On the second day (2 September 1944) of the month during the preparations some paratroopers were unloading mines from a truck for the purpose of loading them on one of our planes, when one on the mines dropped and exploded. The explosion killed four paratroopers and wounded two more. It also wounded two of our men, who had been in the plane at that time. Two of our planes were wrecked beyond repair and two of them damaged and repaired later.

On the third of the month briefings were held, the planes were loaded and everyone was ready to go on the mission, which had been planned. But at 1830 hrs the mission was called off due to the rapid advance of the ground forces in that area. One of the following days the Air Echelon returned to Exeter and rejoined the rest of the squadron. (Historical Narrative 96th Squadron, 440th Troop Carrier Group)

* * * * *

2 September 1944 - an accident occurred on the field when a TNT bundle discharged, causing considerable damage and injuries. (Diary 440th Troop Carrier Group - September 1944)

* * * * *

The month of September started with a move of the air echelon to Fulbeck, while the remainder of the section was taken to Rheims (France). At Fulbeck we lost two airplanes from a mine explosion, # 42-100821 and # 43-15067 ("Bama Belle"). There were no fatalities, but two men were sent to the hospital. (Historical Data 96th Squadron, 440th Troop Carrier Group)

* * * * *

From the medical standpoint the entire month was uneventful, except while in Fulbeck the unfortunately accidental detonation of a landmine, while parapacks were being loaded prior to a proposed mission. The incident served as a test of facilities of the aid station, which had been set up and which proved satisfactory. (Historical Data 96th Squadron, 440th Troop Carrier Group)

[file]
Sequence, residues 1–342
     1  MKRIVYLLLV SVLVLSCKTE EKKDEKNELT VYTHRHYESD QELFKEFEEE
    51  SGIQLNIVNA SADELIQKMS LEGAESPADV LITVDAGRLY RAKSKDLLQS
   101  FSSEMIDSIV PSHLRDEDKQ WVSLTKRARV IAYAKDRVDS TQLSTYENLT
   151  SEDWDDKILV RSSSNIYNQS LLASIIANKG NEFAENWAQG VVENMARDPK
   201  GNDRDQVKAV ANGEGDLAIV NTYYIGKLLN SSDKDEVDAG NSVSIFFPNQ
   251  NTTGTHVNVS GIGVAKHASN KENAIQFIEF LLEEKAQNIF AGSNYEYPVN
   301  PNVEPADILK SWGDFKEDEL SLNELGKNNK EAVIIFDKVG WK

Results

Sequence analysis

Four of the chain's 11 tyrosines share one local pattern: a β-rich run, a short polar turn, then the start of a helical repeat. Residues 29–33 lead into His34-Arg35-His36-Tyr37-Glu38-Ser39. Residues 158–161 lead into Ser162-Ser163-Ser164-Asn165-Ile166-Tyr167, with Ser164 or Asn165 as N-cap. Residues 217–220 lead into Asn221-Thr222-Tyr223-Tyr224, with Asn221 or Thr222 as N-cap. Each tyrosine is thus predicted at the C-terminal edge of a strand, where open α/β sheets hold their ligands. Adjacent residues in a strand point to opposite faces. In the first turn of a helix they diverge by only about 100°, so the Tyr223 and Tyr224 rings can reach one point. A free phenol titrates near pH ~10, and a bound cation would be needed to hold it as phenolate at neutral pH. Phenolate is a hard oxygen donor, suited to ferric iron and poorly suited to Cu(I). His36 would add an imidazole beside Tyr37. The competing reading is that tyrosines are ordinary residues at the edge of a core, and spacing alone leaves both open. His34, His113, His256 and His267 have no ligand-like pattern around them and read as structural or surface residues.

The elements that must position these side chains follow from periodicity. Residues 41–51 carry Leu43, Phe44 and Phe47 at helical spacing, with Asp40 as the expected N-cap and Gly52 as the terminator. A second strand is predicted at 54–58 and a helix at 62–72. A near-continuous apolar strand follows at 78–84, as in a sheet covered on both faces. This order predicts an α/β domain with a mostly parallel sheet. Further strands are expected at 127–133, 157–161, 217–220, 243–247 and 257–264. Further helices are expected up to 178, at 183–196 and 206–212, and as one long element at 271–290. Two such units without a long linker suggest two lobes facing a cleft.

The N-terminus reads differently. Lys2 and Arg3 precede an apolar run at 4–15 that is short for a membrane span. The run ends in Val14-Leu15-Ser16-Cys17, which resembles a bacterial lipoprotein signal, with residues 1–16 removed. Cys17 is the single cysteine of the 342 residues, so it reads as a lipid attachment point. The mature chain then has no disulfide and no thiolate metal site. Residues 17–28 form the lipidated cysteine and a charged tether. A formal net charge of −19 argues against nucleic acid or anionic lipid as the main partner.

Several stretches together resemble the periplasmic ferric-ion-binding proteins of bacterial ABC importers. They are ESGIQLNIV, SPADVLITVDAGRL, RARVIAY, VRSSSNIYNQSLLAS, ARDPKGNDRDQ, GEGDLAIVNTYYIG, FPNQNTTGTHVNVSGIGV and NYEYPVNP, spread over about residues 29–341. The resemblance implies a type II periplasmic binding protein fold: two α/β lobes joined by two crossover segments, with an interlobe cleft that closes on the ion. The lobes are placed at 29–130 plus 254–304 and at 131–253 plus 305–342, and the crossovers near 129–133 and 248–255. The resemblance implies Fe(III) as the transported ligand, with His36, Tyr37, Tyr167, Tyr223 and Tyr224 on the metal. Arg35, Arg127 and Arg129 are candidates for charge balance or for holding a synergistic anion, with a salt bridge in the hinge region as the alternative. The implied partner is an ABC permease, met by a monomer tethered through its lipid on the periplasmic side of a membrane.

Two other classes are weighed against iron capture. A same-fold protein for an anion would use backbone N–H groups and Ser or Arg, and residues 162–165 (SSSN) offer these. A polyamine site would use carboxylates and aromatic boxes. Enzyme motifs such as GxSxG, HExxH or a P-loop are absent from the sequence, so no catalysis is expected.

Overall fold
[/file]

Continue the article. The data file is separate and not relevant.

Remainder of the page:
* * * * *

The entire stay was uneventful except for the unfortunate accidental detonation of land mines, while parapacks were being loaded prior to a proposed mission. This accident resulted in three (3) deaths and four (4) severely injured. With the limited facilities at hand (introduction of plasma, control of hemorriage, dressing of wounds) was rendered and patients were transferred to the 348th Station Hospital. This accident served as a test of facilities of the aid station, which had been set up and which proved satisfactory. It is noteworthy that ambulances dispatched to the scene of the accident, arrived prior to the arrival of the fire truck, and two of the injured men had to be removed from precarelous situations, one from a smoldering truck, loaded with parapacks, and the other from a burning plane. The remaining day at Station 488 was uneventful. (Group Medical Station 440th Troop Carrier Group)

* * * * *

Chief problems confronting the Air Echelon were the readying of all aircraft for a proposed combat mission. All necessary maintenance was completed and the aircraft were marshalled for take-off, when word was received that the mission had been postponed. All aircraft were then returned to the squadron areas and unloaded. Later the mission was called for again and the personnel started to reload. While doing the reloading a landmine exploded, killing several personnel of the [82nd] Airborne Division. An assistant crew chief was also injured. Two aircraft were completely washed out. One, directly under the explosion had the entire fuselage caved in, and the left wing almost entirely blown off. The inside was in complete disorder. All fastened fixtures were blown loose by the impact of the explosion. Four nearby parked aircraft were also damaged, but it was possible for the squadron personnel to repair them. (Group Engineering 440th Troop Carrier Group)

* * * * *